May 30 (Reuters) – People are slowly starting to return to the streets of the southern Ukrainian city of Mariupol, hit by weeks of shelling by Russian forces and now fully under Russian control.

On Monday, local residents charged electrical appliances from generators and traded food and clothes at impromptu street markets, while at an empty bus station Russian state television blared on a giant screen brought by officials.

Lyuba, wearing sunglasses and a hat to shield her from the sun, said she was charging her phone. She had decided not to leave town, although her apartment had been damaged. “There’s no electricity, no water – things are really tough, of course.”

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A man called Nikolai said he also came to recharge his phone, as there was no electricity available at the station where he now lives. Neither gave surnames.

Some locals could be seen collecting essentials from boxes emblazoned with the pro-Russian “Z” symbol.

Others had set up their own stalls to sell – or trade – produce, including vegetables and shoes. A woman – who did not give her name – said few products were left after the looting that ravaged the town.

Russia took full control of Mariupol earlier this month when more than 2,400 Ukrainian fighters who had resisted surrendered to the besieged Azovstal steelworks.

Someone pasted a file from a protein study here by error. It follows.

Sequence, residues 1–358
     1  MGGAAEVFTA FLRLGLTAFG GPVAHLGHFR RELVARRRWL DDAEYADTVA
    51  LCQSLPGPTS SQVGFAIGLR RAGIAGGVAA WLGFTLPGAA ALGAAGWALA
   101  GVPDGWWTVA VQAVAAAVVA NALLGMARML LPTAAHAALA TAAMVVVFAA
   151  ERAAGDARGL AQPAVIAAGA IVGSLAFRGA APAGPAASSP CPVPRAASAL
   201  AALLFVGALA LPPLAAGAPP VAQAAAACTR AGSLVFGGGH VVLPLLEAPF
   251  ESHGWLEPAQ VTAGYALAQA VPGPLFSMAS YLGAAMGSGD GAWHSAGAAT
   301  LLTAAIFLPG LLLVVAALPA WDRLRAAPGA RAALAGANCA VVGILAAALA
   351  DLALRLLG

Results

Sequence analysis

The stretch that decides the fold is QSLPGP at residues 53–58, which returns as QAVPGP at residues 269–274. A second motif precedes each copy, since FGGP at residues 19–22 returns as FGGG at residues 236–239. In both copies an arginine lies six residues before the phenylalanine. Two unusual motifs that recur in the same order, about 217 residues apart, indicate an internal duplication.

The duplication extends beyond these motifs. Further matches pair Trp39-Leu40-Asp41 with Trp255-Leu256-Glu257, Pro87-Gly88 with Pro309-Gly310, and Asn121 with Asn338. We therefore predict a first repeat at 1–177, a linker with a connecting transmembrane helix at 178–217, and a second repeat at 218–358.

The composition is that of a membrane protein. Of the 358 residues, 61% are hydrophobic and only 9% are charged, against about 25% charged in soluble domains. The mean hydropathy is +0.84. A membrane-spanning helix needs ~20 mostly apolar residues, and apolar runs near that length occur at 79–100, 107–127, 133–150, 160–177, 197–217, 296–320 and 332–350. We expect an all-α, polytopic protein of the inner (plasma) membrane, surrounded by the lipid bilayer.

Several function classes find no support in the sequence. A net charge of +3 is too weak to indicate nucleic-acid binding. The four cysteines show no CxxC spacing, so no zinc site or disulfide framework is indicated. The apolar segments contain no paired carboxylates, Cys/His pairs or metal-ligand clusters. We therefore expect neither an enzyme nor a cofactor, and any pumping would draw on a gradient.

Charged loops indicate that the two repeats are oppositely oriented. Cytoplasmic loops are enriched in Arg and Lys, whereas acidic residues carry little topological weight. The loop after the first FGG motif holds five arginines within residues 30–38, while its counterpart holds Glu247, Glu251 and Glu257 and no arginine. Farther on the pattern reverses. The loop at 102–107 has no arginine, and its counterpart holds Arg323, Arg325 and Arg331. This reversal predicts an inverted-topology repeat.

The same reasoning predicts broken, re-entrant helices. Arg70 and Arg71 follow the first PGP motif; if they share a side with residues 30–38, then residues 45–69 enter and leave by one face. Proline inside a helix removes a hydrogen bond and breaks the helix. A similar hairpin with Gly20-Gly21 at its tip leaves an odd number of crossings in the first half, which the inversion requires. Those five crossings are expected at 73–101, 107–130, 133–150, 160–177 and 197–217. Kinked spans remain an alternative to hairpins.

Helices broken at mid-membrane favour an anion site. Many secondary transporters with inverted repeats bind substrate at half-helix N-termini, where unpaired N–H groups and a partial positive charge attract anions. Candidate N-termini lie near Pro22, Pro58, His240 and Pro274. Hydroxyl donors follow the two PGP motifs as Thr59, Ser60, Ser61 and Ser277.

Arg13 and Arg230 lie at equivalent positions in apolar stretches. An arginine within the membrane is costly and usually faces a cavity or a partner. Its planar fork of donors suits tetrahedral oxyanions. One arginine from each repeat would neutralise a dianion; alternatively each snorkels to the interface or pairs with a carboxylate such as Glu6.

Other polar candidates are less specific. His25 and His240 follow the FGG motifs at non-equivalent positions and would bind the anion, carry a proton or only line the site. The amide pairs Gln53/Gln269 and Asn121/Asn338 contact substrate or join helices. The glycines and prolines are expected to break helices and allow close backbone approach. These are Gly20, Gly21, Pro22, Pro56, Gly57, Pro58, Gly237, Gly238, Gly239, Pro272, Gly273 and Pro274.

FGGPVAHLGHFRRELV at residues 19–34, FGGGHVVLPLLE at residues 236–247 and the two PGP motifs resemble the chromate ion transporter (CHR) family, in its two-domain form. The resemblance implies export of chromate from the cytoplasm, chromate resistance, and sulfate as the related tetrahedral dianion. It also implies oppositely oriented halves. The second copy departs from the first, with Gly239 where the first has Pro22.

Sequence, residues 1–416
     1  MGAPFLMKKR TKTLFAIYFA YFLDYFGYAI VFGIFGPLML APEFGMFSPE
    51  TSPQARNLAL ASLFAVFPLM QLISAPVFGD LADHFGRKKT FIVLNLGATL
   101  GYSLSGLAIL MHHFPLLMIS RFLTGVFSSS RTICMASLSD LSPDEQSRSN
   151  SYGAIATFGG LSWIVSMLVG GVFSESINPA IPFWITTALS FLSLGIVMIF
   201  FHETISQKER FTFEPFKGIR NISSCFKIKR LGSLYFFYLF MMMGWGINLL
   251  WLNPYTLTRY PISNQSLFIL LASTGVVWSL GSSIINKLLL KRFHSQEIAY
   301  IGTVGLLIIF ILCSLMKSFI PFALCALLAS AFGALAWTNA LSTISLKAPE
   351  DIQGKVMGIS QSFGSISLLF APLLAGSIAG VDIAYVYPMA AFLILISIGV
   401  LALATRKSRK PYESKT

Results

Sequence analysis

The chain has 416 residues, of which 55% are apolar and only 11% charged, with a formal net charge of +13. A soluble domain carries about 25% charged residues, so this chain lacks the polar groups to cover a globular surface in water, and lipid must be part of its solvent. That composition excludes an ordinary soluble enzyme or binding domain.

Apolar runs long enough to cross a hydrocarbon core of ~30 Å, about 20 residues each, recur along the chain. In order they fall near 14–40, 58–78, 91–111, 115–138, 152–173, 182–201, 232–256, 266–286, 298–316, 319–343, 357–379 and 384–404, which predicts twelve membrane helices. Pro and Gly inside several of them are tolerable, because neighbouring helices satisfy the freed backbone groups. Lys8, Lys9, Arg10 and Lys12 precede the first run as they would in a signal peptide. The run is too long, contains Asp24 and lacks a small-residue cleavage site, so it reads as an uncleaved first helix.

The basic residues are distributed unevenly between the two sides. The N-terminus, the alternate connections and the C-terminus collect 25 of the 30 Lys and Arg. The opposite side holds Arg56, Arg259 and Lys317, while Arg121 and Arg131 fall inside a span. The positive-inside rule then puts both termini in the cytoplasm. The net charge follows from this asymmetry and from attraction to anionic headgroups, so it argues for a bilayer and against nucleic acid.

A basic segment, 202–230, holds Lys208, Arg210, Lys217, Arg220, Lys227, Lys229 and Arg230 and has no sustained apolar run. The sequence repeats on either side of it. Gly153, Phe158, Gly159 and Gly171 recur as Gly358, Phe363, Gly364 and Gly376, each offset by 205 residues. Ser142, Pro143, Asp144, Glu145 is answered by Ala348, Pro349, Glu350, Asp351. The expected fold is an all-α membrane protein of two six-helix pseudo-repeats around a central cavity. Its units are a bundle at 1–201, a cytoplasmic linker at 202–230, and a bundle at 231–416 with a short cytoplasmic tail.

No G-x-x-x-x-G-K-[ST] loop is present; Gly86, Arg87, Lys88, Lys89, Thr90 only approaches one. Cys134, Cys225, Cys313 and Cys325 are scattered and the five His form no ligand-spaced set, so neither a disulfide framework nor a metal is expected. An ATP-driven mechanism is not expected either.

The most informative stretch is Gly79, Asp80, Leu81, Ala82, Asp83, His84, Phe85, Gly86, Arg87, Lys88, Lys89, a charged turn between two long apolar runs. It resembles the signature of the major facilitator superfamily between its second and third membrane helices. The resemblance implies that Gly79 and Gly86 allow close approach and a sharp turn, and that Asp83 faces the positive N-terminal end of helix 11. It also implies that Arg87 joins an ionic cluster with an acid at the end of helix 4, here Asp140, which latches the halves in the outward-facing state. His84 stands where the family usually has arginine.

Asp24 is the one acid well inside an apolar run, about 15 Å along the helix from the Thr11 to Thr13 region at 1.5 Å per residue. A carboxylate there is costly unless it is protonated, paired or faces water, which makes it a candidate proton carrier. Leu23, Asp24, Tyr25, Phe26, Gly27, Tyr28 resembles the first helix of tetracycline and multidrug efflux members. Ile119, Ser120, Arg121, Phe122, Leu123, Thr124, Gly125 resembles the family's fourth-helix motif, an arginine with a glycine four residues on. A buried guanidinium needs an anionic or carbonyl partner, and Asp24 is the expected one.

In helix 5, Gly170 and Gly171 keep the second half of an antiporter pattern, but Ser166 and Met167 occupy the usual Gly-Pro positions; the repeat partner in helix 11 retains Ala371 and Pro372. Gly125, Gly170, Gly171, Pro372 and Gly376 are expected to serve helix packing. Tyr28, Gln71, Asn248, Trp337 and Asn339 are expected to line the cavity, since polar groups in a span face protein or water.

Moscow’s capture of Mariupol helped it secure full control of the Sea of ​​Azov coast and create a land bridge connecting mainland Russia to Crimea, which it annexed from Ukraine in 2014.

Ukrainian President Volodymyr Zelenskiy has called Mariupol “completely destroyed”, but Moscow has pledged to rebuild it.

Both sides have accused each other of targeting residential areas and ultimately being responsible for the charred and largely uninhabitable apartment buildings that now make up most of the city.

It is not known how many civilians remain.

Russia sent tens of thousands of troops to Ukraine on Feb. 24 in what it called a “special operation” to demilitarize its southern neighbor.

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Reuters reporting; Written by Diane Craft; Editing by Rosalba O’Brien

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